If you want to know if the government is going to shut down on Sept. 30, there’s no need to bother asking House Speaker Kevin McCarthy. He doesn’t know. Without being able to control his caucus, McCarthy’s guess is as good as yours or mine.
Instead, you’d be best served to ask U.S. Rep. Marjorie Taylor Greene, the Georgia Republican who has vaulted from back-bench pariah to lynch-pin power player in Washington, thanks to the patronage of McCarthy himself.
In exchange for her vote for speaker, McCarthy gave Greene slots on powerful committees earlier this year. But with just a four-vote margin on any given day, McCarthy also gave Greene and the other far-right members enormous leverage over him through new House rules. They can call a vote of no confidence at any time to boot him as speaker. Even as he works to negotiate spending packages with Democrats, which he must, or make incremental progress on big issues, he’s never more than a few votes away from irrelevance and disgrace.
In a divided Congress, it’s not going well.
There was a fork in the road on Republicans’ journey toward total dysfunction in the mid-1990s when another Georgian was running the show. With Bill Clinton in the White House, House Speaker Newt Gingrich began an informal practice of keeping legislation from the floor unless it had the support of the “majority of the majority.”
The next House Speaker, Dennis Hastert, gave that approach a name, “the Hastert Rule.” From that point on, a majority of the votes of the House wasn’t good enough to consider a bill anymore — a majority of the GOP majority was required. There were exceptions to the Hastert Rule when the speaker needed Democrats to pass unsavory measures, including raising the debt ceiling. But for the most part, keeping a majority of his majority happy was the way Hastert knew he could keep the Speaker’s gavel.
Fast forward to today’s mess and you’ve got McCarthy’s version of the Hastert Rule, in which McCarthy is realizing that his power as speaker isn’t really power at all, but power sharing. And he’s seeing that by giving away so much of his leverage to get elected Speaker of the House, he is being led by the furthest right members of his caucus instead of the other way around.
You can’t call this arrangement the “McCarthy Rule,” because the Republican from California is very clearly not in charge. Instead, it’s Greene who’s got the veto power over McCarthy’s agenda now. The House is now operating under the Greene New Deal.
Incredibly, the question of whether the government will shut down this weekend, whether Ukraine will get additional American military aid in the future, and whether McCarthy himself will remain as speaker, could all come down to the congresswoman from Rome.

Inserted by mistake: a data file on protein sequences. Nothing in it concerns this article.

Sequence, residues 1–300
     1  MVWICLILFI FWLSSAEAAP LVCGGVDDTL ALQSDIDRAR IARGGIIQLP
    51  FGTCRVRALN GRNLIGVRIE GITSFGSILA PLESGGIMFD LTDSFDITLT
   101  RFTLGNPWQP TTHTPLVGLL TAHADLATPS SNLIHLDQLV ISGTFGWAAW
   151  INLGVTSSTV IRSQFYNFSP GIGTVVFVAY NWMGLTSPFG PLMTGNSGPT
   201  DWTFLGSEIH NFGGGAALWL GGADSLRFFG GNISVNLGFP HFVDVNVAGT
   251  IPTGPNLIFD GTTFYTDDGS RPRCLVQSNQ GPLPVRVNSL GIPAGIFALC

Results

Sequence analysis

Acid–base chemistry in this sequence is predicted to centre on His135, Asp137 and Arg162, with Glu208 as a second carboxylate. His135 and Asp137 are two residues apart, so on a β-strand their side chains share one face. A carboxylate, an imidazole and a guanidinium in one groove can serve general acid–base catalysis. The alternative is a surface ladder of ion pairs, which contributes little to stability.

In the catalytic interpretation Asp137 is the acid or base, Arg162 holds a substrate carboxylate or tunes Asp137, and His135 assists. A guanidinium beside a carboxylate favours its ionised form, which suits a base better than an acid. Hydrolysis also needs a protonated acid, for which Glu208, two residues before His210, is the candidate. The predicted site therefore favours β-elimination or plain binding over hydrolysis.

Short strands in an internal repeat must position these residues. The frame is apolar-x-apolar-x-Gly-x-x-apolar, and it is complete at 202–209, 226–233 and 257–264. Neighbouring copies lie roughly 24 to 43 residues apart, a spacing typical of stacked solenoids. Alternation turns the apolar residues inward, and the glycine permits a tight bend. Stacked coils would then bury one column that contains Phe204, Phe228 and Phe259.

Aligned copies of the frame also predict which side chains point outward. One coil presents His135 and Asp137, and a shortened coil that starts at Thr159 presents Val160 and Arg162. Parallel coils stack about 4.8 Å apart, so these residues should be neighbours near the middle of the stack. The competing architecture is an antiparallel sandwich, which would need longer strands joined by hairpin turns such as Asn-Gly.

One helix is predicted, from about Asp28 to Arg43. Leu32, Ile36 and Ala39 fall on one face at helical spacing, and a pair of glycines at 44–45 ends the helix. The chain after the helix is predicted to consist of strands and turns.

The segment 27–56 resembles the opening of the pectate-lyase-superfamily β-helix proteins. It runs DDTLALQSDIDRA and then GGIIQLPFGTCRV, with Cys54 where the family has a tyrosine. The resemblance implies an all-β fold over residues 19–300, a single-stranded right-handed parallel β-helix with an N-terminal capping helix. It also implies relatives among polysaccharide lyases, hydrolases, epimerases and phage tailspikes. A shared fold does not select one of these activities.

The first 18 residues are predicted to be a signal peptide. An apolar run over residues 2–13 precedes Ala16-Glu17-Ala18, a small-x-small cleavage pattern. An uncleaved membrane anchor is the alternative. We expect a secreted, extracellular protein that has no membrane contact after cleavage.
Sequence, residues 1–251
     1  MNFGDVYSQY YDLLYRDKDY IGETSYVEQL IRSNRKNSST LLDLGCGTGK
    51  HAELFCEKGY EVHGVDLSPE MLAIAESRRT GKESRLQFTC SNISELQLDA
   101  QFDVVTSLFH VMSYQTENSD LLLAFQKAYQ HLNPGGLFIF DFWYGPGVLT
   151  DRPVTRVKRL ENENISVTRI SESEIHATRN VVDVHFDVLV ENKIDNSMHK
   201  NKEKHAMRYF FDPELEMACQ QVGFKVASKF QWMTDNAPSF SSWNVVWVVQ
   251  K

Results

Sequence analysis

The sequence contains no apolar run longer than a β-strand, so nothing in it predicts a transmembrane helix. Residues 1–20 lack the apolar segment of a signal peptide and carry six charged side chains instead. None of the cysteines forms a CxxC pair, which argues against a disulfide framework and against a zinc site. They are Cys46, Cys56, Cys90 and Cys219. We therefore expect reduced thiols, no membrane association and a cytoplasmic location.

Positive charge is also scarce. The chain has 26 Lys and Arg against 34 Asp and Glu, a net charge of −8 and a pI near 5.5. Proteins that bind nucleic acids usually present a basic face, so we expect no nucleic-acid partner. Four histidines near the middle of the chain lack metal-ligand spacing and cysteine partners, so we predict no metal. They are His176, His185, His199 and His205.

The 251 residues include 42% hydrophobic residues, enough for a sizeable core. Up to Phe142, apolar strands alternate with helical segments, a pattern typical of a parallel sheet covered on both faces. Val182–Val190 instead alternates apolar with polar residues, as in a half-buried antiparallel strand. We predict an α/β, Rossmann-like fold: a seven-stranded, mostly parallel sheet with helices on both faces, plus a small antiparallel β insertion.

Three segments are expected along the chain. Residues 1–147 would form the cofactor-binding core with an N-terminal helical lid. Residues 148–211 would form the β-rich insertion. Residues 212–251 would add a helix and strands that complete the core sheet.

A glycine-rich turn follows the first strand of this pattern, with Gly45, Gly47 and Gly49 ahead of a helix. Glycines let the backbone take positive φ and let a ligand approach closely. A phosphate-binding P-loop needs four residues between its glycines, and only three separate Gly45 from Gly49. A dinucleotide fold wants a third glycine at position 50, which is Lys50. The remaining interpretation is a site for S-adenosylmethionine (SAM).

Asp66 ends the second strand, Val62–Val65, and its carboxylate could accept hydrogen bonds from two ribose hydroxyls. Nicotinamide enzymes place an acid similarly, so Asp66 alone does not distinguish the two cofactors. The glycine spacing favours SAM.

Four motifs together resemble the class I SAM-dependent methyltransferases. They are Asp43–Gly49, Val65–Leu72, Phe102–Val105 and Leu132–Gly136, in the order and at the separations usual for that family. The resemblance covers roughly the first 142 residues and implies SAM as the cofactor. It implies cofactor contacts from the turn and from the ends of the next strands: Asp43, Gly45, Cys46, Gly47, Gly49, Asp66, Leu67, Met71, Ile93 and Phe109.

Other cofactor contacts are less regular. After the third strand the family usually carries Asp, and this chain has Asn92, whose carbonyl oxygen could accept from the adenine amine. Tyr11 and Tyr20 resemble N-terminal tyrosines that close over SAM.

You can’t really fault Greene for going for broke. This has all served her purposes and strengthened her hand. But you absolutely can blame McCarthy for trading away the House Speaker’s power and independence just to get the gavel.
The reality for McCarthy now is that Greene has maximized her visibility with the committee assignments he gave her. Her small-dollar fundraising has raced along as her most outrageous statements have gone viral in hearings. The supporters who cheer for her at her town hall meetings prove there’s a local appetite for her particular flavor of fringe.
Greene also managed to stay in lockstep with former President Donald Trump, even as he actively undermines the speaker, with no downside to her own standing at all. As McCarthy huddled in Washington Saturday to cobble together enough support to move spending bills forward, Greene was one of the only members of Congress traveling with Trump for a weekend campaign rally. On Sunday, after McCarthy had sketched out a tenuous plan to keep the government open, Trump counseled House Republicans on social media, “IF YOU DON’T GET EVERYTHING, SHUT IT DOWN.”
Former House Speaker Nancy Pelosi had a similarly tight margin when she ran the House , but she operated by very different rules. For one thing, Pelosi never did her laundry in public. If dissent was afoot on a crucial vote, it wouldn’t come to the floor until its passage was secure. Compare that to McCarthy’s group-chat roller coaster last week, getting rolled by Greene on a defense spending bill and leaving Republicans to melt down in public, calling each other traitors and arsonists in comments to the press.
Pelosi also gave more power to her “majority makers,” than Democrats on the far left, knowing her members from swing districts were responsible for their House majority. If she pushed them off a partisan cliff, she knew she’d lose her gavel, too — not by a vote of no confidence, but at the polls the next November.
Since we do want to know what’s coming up next in Congress, take a look at what Greene is saying. Over the weekend she taped a video from her home gym and warned her fellow Republicans where she stands on the future spending fight.
“For those of you in Washington that are so thickheaded that you think we have to vote for these big bills because, ‘Oh, the September 30th deadline is coming!’ I’m going to tell you right now. I don’t give a damn,” she said. In other words, prepare for a government shutdown.
They say a leader needs to be either loved or feared. Pelosi was both, depending on which member you talked to. But McCarthy, for too many of his members, is neither. Did he think they would be loyal to him when he needed their votes the most? Think again. That’s not how it works with the Greene New Deal.
©2023 The Atlanta Journal-Constitution. Visit at ajc.com. Distributed by Tribune Content Agency, LLC.